What is a noun?

What is a noun?

What is a noun? A noun is a word that names a person, place, thing, or idea.

Nouns Poster

Look around you. Everything that you see, you can name. Each of those names fits the above definition. What do you see?

A computer, the living room, your dad, a swan... You don't see a swan? You will in a moment.

Before you commit the above definition to memory, I would like to clarify one thing. Nouns are words that name people, places, things, or ideas. They are not actually people, places, things, or ideas.

After teaching grammar for some time, I was surprised at how many of my students weren't really clear on the whole "word" thing. Allow me to make this clear.

What is a noun? Choose the noun from the following two pictures.

The word SWAN is a noun. www.GrammarRevolution.com/what-is-a-noun.html
This picture of a swan is not a noun. :) www.GrammarRevolution.com/what-is-a-noun.html

If you guessed that the one on the left is a noun, you are correct. Why? Well, what is a noun? It is first and foremost a word. Notice that while the image of the swan is the cuter of the two, it is not naming a swan. It is a swan.

Does that make sense? A noun is a word, not the actual thing that the word represents. It's kind of cool, huh?

Now, your task is to memorize the following definition.

Nouns are words that name people, places, things, or ideas.

Put on your memorizing cap and stick that sentence in there.

The Noun Jobs

Nouns can do lots of things in sentences. They're probably the most overworked of all eight of the parts of speech.

Nouns have the ability to perform different functions, or jobs, in sentences. Each time a noun is performing one of these jobs, it still fits the answer to the question, What is a noun? Let's look at some of the noun jobs.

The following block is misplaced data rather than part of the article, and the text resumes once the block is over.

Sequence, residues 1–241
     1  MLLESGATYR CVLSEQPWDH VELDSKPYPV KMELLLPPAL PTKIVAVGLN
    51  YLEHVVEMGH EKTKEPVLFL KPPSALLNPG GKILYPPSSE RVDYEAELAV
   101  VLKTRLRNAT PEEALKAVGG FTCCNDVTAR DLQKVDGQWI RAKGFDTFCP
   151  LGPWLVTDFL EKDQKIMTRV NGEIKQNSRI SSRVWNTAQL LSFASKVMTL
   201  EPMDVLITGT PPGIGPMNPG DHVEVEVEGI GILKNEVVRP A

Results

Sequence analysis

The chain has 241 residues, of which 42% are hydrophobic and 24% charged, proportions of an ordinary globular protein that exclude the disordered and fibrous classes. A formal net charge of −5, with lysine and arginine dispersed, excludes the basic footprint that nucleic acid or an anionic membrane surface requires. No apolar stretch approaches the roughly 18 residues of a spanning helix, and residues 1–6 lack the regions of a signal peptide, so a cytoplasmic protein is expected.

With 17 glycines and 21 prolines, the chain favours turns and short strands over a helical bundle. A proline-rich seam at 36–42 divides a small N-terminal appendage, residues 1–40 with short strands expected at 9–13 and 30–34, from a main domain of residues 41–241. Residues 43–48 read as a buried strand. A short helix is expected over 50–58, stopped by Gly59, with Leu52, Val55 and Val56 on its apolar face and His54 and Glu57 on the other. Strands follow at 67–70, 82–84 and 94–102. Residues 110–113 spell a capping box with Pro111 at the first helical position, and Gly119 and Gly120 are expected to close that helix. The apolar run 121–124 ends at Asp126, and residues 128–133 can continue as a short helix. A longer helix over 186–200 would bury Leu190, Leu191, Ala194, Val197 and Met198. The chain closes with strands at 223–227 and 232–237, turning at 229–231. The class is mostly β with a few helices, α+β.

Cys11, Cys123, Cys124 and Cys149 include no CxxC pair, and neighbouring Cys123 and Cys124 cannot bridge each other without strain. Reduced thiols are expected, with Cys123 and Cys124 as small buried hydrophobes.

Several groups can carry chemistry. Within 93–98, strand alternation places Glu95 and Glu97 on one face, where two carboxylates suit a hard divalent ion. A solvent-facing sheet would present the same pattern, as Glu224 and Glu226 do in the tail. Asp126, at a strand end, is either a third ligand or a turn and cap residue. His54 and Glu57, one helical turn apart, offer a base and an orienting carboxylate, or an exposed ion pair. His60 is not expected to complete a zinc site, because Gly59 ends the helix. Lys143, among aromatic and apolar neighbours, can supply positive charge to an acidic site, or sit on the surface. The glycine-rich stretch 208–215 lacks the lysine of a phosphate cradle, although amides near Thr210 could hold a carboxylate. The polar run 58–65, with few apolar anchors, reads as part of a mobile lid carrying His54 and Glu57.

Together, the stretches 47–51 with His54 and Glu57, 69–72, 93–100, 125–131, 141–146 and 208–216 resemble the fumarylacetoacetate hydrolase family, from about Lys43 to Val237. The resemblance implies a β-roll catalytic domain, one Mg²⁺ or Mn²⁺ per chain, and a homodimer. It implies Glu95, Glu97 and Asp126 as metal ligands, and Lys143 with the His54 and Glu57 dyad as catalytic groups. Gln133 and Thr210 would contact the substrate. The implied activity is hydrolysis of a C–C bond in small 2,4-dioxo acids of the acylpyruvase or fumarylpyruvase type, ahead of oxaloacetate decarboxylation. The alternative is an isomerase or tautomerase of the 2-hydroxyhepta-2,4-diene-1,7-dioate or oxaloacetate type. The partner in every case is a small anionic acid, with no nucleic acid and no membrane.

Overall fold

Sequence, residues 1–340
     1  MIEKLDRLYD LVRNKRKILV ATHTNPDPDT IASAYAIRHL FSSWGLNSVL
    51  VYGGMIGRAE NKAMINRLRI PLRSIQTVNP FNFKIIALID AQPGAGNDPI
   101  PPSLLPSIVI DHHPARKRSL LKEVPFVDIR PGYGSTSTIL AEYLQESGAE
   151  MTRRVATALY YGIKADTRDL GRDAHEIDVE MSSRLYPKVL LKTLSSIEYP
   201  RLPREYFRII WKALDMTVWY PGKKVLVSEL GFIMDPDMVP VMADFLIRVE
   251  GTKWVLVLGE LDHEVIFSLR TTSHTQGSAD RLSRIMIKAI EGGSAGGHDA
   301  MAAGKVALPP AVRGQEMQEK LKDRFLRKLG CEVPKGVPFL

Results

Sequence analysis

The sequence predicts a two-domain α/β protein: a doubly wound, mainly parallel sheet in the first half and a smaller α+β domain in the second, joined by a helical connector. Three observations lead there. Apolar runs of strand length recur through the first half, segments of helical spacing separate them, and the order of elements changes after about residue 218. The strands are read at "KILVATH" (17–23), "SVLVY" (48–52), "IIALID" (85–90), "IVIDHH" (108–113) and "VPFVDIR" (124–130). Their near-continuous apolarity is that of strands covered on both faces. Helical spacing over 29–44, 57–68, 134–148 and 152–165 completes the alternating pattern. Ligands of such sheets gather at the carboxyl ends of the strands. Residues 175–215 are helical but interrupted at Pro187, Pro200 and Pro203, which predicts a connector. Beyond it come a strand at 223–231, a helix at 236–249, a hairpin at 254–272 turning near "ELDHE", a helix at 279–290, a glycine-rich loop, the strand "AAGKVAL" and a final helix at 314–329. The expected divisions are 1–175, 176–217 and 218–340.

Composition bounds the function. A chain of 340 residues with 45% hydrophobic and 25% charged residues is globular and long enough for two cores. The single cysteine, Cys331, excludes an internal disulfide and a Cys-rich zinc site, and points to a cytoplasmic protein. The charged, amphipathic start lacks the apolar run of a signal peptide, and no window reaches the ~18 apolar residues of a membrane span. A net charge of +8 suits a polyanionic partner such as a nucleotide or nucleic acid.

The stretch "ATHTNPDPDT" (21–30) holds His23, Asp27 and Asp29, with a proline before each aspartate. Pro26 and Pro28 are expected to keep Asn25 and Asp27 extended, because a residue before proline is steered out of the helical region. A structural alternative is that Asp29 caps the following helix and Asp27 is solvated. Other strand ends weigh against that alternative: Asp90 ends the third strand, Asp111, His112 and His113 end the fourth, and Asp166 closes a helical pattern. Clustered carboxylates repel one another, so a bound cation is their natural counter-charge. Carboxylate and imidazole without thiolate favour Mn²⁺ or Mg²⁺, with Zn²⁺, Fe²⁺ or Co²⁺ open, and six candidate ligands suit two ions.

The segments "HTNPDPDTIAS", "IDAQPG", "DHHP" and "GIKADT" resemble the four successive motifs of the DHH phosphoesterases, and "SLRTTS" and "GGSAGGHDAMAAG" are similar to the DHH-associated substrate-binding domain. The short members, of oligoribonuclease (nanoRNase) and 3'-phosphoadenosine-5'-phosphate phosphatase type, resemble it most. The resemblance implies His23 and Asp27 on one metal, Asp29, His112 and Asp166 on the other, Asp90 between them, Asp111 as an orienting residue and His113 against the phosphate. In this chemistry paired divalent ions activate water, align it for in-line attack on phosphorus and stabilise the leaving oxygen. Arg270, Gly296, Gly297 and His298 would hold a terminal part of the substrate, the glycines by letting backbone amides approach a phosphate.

1. Subjects are nouns that tell us whom or what a sentence is about.

Mrs. O'Brien taught grammar.

Sentence Diagram Subject Noun www.GrammarRevolution.com/what-is-a-noun.html

2. Direct objects are nouns that receive the action of certain kinds of verbs (transitive active verbs).

Mrs. O'Brien taught grammar.

Sentence Diagram Direct Object Noun www.GrammarRevolution.com/what-is-a-noun.html

3. Indirect objects are nouns that receive the direct object.

Mrs. O'Brien taught the class grammar.

Sentence Diagram Indirect Object Noun www.GrammarRevolution.com/what-is-a-noun.html

4. Objects of prepositions are nouns that come after prepositions in prepositional phrases.

The class found a dog at the park.

Sentence Diagram of Prepositional Phrase

5. Predicate nouns ("predicate nominatives") are nouns that rename the subject. They come after linking verbs.

Rex is a dog.

Sentence Diagram Predicate Noun www.GrammarRevolution.com/what-is-a-noun.html

6. Object complements are nouns that complete the direct object.

The class named the dog Rex.

Diagramming Complements

7. Appositives are nouns that rename other nouns.

My friend Marianne likes cupcakes.

Sentence Diagram Appositive Noun www.GrammarRevolution.com/what-is-a-noun.html

8. Nouns of direct address are nouns that name the person (or thing) you are speaking or writing to.

Rex, sit.

Sentence diagram of noun of direct address

So, how's it going? Am I confusing you? If you feel overwhelmed, don't worry. Just keep reading and working. You'll get it. Once you start diagramming, you'll know all of this stuff without even trying too hard!